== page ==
Coming to the end of this inaugural arts writing gig at Deveron Arts, I am more unsure than ever as to what it is I am actually writing. I know I write, but I know little else. I have no idea what it is I am writing, just that I am definitely writing it. Working on the border of cultural commentaries and creative non-fiction, I am tired of looking, if not legitimating what it is I write, rather, I continue to read the writings that have influenced me as a reader and inevitably as a writer. A small handful of these voices appear on my current reading selection for the Art Reader Network including Gertrude Stein, Deleuze and Guattari, and Serge Deney, all of whom were spectres to my experience of Maria Fusco’s writing workshop yesterday.
Reconfiguring the value and limitations of arts writing as a creative practice that runs alongside, across, in and through the works of visual art our words accompany, Fusco’s approach to arts writing meets at the nexus of experimental poetics, post-structuralist theory, and the sculpting of subjectivity. Shifting art objects, and the history of art itself, as bricks, rather than the keystone, in the arch of understanding and rendering, Fusco pushes us into a minefield of subjective interpretations starting from the first person position of (art) objects.
Encouraging us basically to “re-caress the art object” -- to write and read the object simultaneously --Fusco’s series of writing exercises led us further down the constructive path of subjective reimaginings, and hopefully hit home that writing is a practice that employs creative skill. A quiet, but nevertheless startling realization came during the collaborative exercises, when we had to do pronoun hurdles in small groups, and I was reminded for the first time in a very long time that writing and editing are acquired skills that not many people have grasped. As somebody who compulsively writes and edits, I unfortunately forget before eventually remembering that writing remains one of the most undervalued skills in terms of appreciation and labour value.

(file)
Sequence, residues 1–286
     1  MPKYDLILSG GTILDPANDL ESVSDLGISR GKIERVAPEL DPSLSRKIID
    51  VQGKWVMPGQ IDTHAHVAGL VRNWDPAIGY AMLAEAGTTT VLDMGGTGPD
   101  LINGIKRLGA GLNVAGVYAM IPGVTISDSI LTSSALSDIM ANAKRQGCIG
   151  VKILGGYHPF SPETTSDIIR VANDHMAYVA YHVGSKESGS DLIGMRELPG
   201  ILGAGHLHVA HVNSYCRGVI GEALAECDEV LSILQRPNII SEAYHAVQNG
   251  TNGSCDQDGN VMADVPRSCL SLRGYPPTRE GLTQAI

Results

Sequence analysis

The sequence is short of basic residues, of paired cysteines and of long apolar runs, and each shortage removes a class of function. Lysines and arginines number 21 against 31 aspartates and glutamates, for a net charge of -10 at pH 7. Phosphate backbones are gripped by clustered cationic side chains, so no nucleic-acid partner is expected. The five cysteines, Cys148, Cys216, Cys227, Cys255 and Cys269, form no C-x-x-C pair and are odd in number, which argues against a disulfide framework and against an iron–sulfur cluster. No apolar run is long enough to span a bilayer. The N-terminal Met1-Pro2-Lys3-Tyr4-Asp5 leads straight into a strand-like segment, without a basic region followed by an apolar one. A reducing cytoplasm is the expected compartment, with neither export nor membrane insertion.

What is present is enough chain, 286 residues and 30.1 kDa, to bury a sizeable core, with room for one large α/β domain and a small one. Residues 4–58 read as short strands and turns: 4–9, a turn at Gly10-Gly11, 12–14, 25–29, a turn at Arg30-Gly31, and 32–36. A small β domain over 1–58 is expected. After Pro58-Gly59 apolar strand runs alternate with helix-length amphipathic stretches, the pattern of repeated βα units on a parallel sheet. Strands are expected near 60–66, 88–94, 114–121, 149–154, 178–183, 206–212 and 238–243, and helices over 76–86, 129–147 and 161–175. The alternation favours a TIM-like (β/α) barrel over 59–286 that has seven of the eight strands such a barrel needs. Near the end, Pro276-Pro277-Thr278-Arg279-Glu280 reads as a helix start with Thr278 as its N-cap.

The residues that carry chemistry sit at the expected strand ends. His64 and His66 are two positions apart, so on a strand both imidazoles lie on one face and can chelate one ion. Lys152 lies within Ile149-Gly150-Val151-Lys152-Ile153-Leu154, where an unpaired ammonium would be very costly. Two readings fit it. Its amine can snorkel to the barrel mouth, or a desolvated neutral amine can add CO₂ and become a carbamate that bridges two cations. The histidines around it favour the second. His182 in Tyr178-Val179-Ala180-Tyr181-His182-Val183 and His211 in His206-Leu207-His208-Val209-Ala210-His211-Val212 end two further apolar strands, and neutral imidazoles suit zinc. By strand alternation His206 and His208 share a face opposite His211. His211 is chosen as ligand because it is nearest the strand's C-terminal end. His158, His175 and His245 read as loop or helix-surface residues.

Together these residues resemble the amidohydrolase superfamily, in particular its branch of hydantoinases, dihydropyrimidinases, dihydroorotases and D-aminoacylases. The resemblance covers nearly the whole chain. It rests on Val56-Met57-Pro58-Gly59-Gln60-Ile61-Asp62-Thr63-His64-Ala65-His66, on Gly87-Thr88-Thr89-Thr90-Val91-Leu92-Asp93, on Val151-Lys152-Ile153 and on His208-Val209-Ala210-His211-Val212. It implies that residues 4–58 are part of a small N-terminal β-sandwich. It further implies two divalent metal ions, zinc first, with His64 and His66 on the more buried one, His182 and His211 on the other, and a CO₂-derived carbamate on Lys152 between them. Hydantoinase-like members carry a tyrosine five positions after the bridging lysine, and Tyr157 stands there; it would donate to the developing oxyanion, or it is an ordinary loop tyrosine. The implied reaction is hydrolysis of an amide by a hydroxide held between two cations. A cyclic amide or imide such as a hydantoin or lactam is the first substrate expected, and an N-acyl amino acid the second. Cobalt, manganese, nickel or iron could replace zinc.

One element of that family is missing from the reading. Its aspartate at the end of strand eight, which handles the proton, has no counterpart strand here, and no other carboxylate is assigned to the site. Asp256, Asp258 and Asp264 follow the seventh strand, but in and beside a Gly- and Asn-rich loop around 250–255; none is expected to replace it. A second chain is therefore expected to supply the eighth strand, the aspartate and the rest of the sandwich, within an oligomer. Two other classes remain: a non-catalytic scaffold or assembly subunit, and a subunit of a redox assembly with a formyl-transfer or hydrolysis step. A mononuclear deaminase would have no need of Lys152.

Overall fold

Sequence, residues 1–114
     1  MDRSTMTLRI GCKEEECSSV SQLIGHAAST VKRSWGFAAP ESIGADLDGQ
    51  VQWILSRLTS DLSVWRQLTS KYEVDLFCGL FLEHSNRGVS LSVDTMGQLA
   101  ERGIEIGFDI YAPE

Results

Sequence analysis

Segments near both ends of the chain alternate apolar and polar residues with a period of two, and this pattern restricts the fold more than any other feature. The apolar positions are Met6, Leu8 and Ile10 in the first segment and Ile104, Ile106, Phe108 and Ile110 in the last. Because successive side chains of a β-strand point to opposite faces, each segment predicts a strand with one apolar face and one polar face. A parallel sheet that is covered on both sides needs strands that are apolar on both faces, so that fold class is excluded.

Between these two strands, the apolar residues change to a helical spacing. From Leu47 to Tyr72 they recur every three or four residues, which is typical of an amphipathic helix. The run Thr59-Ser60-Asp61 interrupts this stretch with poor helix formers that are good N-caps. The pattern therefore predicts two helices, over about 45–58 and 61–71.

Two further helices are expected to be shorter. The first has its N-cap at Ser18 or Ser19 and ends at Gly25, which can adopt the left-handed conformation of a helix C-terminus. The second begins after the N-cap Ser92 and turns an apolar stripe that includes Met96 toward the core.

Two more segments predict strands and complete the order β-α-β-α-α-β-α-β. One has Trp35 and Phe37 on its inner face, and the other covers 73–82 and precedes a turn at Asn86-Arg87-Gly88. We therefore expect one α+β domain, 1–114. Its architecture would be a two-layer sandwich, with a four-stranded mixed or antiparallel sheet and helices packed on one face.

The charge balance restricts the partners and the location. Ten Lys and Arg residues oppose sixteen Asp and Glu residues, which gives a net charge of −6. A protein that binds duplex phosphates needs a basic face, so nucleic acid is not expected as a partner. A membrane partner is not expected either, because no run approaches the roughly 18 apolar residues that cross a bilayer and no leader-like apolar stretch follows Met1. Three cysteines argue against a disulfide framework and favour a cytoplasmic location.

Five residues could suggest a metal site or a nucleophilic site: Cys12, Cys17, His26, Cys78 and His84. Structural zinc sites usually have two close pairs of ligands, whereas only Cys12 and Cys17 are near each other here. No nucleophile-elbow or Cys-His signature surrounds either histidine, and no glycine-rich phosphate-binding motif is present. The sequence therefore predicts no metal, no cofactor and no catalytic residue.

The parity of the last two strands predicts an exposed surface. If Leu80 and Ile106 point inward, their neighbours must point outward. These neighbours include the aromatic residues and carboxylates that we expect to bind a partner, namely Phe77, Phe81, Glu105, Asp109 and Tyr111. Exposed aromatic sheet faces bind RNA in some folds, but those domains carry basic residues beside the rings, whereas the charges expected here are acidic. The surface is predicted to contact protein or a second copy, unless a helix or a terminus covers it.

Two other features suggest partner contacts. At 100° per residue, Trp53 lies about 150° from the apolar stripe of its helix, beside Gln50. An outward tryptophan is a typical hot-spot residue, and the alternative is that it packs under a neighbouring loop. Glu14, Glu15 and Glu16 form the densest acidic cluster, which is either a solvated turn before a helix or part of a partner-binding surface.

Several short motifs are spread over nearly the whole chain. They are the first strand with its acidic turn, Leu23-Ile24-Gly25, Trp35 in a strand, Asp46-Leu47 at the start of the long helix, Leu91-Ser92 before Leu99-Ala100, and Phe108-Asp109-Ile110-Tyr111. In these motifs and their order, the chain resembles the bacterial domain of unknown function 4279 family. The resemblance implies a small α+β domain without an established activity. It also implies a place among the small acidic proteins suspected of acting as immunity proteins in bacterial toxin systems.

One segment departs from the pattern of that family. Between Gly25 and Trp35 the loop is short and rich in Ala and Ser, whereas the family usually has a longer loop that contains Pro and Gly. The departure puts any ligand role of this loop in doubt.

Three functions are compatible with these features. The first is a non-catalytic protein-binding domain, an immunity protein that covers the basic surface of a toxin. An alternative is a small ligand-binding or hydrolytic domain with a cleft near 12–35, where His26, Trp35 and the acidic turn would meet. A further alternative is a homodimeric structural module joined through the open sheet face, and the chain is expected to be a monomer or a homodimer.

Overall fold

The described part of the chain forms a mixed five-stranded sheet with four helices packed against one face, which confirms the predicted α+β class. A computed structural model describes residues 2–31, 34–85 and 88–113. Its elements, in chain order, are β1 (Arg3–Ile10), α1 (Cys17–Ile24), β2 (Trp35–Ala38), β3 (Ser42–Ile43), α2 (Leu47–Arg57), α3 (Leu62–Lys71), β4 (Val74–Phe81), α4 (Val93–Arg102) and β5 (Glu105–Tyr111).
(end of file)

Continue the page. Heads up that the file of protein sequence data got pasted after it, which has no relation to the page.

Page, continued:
Concerns disguised as questions were raised early on as to why one writes if nobody is going to read it? This commonly held position reveals the underlying attitude that writing is supposedly a servant to communicate knowledge, and that knowledge is presupposed, rather than created. Would anyone ask if a musician would play and sing if there is no audience to hear it? Or if a thought is going to be explored if nobody is ever going to understand it? Eventually somebody comes across the work in some incarnation or another, but the work must begin somewhere.
Having been given an option between production or discussion, I am thrilled the majority voted on production, as that’s at least a positive sign towards a better direction.
*First written for Framework and published on The Huntly Review